The discovery of the relationship between nutrients and deficiency diseases during the 100 years from the mid-1800s to the mid-1900s was a breakthrough that led to advances in the study of nutrition. The Recommended Dietary Allowances (RDA) were created as a quantitative standard for avoiding diseases caused by nutrient deficiency. In addition, a reductionism paradigm has become generally accepted among nutrition scholars in health and disease, which focused on the properties of individual nutrients, content in foods, cellular levels, and mechanisms of action. The reductionist paradigm worked very well for the prevention and treatment of malnutrition diseases. However, as the incidence of nutrient deficiencies decreased and that of chronic diseases increased, the nutrition goals have been changed to secure safe and adequate nutrient intake and to reduce chronic disease risks. Accordingly, Dietary Reference Intakes (DRIs), a set of nutrient-based reference values, were designed to replace the RDA. The revised Korean DRIs were published for 40 nutrients in 2020. However, there is still room for improvement in the reference intake levels targeted at reducing the risk of chronic disease. The reductionist approach can no longer be practical because chronic diseases are related to the interactions between multi-components in the foods and multi-targets in the body. Therefore, a second innovative leap is needed following the nutrition development breakthrough made over 100 years ago. To this end, the nutrition paradigm must evolve from reductionism to a holism approach. Cutting-edge scientific technologies, such as metabolomics, transcriptomics, microbiomics, and bioinformatics, should also be acceptable in nutrition science based on the knowledge gained from basic nutrition studies.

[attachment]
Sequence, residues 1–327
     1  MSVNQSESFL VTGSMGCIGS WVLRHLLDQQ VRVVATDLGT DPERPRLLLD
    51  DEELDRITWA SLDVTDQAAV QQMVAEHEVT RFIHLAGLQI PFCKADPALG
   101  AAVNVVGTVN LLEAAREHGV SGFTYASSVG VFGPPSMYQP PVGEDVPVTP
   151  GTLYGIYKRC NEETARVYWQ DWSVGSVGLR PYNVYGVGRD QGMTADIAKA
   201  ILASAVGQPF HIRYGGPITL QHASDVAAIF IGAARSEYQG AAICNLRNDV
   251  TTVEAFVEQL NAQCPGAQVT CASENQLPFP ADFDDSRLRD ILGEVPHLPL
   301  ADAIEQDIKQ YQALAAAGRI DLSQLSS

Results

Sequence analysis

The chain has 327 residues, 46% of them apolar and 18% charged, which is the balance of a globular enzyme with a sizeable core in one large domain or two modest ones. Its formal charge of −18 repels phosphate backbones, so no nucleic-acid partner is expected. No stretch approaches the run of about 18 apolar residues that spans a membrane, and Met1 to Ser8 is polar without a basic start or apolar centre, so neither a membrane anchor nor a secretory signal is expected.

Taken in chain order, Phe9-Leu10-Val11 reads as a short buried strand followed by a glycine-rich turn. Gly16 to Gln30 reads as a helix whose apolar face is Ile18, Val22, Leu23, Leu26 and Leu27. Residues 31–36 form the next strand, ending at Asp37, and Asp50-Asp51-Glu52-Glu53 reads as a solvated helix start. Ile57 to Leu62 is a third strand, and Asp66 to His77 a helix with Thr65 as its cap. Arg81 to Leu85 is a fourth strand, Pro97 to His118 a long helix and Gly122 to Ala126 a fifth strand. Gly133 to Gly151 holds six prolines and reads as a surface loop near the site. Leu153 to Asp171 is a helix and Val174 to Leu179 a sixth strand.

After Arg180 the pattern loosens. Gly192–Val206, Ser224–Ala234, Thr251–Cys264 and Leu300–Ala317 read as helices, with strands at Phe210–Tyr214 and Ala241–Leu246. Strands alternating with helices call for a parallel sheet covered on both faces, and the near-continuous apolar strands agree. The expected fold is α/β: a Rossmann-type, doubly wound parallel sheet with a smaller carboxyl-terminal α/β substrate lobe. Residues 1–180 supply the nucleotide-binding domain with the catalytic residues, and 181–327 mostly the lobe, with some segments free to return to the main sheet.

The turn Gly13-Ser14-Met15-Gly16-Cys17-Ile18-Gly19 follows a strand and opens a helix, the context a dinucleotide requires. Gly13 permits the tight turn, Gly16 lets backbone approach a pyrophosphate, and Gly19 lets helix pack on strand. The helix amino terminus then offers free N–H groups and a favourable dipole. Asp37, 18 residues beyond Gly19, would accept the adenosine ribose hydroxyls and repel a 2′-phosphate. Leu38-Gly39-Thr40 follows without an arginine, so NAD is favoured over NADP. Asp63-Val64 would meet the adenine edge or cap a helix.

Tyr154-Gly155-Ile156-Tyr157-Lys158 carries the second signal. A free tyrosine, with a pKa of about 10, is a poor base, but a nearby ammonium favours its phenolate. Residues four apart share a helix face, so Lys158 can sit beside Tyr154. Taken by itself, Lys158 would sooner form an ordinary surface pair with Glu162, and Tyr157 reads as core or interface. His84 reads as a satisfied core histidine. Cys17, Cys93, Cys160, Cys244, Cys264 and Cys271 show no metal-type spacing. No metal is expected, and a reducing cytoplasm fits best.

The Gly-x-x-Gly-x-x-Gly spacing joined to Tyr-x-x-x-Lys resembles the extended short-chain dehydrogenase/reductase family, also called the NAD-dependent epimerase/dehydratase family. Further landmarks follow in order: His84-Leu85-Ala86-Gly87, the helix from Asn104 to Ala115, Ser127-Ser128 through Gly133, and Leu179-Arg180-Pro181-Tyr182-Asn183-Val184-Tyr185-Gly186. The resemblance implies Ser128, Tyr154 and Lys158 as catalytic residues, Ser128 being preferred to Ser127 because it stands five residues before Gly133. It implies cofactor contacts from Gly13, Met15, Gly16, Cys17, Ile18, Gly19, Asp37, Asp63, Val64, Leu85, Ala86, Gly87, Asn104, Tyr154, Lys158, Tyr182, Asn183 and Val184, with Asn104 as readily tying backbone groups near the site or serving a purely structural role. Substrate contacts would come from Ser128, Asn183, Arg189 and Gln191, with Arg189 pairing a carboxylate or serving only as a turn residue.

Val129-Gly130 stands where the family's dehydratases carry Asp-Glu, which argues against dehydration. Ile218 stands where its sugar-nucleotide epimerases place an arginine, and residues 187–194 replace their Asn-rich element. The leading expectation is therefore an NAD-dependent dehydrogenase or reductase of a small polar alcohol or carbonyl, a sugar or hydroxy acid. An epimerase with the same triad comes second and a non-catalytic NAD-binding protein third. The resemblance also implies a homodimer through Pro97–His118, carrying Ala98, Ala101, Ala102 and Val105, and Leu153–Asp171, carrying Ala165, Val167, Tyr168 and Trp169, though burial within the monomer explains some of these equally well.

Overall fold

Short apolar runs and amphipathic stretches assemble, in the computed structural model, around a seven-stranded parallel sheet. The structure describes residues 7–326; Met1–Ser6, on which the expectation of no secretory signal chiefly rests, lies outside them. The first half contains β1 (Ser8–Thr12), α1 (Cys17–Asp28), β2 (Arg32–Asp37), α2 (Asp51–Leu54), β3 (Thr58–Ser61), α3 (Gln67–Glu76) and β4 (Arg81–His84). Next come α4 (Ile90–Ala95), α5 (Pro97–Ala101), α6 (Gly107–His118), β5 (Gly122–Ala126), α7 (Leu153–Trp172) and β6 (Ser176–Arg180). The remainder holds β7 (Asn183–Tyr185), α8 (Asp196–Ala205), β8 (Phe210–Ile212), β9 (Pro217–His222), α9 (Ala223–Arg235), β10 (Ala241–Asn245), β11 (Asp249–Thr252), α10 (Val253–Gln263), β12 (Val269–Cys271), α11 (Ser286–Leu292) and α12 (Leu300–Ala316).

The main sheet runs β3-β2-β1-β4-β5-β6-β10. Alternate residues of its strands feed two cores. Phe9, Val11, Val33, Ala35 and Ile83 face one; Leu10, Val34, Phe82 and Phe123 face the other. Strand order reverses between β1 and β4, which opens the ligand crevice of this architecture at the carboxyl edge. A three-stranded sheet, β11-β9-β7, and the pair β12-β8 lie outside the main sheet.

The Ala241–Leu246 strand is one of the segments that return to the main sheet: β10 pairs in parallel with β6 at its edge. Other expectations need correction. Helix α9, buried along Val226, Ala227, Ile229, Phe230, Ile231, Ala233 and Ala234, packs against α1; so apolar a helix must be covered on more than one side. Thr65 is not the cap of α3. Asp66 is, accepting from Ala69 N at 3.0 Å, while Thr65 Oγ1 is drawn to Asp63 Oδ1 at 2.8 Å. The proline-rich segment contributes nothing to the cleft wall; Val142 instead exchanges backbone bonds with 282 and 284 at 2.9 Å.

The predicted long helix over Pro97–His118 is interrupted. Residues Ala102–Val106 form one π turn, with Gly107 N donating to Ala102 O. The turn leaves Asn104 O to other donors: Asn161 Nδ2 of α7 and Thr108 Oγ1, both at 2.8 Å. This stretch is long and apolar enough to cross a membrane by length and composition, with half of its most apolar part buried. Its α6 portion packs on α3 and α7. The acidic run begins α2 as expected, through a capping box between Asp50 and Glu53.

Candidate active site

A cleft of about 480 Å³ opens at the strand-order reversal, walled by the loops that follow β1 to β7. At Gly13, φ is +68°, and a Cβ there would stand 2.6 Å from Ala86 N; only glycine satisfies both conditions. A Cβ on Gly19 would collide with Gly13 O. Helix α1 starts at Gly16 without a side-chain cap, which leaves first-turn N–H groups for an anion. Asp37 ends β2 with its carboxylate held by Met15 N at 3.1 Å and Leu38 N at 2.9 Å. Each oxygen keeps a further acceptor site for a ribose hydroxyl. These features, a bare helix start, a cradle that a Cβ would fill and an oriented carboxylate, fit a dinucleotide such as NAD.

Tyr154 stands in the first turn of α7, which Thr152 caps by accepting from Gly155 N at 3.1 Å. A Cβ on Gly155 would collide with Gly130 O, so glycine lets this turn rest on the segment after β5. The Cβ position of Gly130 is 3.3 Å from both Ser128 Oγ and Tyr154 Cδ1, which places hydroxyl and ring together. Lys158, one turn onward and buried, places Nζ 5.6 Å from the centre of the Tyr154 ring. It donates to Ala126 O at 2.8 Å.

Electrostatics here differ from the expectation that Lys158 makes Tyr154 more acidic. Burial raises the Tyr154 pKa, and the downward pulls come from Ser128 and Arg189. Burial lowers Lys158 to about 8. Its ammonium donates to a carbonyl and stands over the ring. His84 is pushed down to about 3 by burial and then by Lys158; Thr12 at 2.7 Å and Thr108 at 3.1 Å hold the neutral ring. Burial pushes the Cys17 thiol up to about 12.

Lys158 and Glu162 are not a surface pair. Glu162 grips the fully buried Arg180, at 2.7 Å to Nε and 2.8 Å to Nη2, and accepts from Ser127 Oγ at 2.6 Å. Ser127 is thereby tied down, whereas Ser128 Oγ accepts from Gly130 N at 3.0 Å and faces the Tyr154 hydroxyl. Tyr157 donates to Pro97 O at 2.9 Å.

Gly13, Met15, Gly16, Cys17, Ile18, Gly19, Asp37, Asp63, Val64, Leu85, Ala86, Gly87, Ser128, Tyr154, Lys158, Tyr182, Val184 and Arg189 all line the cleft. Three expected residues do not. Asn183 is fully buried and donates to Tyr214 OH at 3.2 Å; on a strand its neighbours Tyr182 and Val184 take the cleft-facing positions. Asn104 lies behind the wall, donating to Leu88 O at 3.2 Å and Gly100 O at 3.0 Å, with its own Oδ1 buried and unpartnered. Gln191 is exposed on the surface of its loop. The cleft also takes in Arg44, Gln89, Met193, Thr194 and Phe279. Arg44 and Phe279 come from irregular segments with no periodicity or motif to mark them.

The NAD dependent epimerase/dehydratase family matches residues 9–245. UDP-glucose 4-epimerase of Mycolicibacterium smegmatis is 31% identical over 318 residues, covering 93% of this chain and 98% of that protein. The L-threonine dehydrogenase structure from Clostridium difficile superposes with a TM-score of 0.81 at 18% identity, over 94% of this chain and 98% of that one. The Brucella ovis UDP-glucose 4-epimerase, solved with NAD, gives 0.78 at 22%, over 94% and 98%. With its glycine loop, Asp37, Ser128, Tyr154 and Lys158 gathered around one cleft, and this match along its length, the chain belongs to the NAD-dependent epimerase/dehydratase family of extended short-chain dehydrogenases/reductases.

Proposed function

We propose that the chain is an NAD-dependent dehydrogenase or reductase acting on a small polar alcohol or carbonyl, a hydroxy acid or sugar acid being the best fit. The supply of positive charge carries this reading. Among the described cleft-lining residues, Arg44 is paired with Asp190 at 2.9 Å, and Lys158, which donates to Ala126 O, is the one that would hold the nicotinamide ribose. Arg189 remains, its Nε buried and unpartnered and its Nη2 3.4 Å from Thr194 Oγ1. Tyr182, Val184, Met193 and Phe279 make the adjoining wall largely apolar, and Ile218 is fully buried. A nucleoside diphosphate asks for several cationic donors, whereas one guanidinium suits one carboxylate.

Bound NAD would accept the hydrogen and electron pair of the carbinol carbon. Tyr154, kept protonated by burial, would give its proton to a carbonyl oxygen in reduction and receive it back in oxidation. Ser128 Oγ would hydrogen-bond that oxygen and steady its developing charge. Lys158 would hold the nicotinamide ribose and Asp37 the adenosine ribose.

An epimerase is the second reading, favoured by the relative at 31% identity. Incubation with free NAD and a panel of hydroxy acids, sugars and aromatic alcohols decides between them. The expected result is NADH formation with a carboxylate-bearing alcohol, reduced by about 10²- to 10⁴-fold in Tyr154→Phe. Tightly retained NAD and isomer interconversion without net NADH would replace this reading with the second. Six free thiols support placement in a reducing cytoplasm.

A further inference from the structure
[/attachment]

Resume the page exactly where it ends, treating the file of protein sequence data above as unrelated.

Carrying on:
- Dietary Reference Intakes for Koreans
- Reduction of chronic disease risks
- Safe and adequate level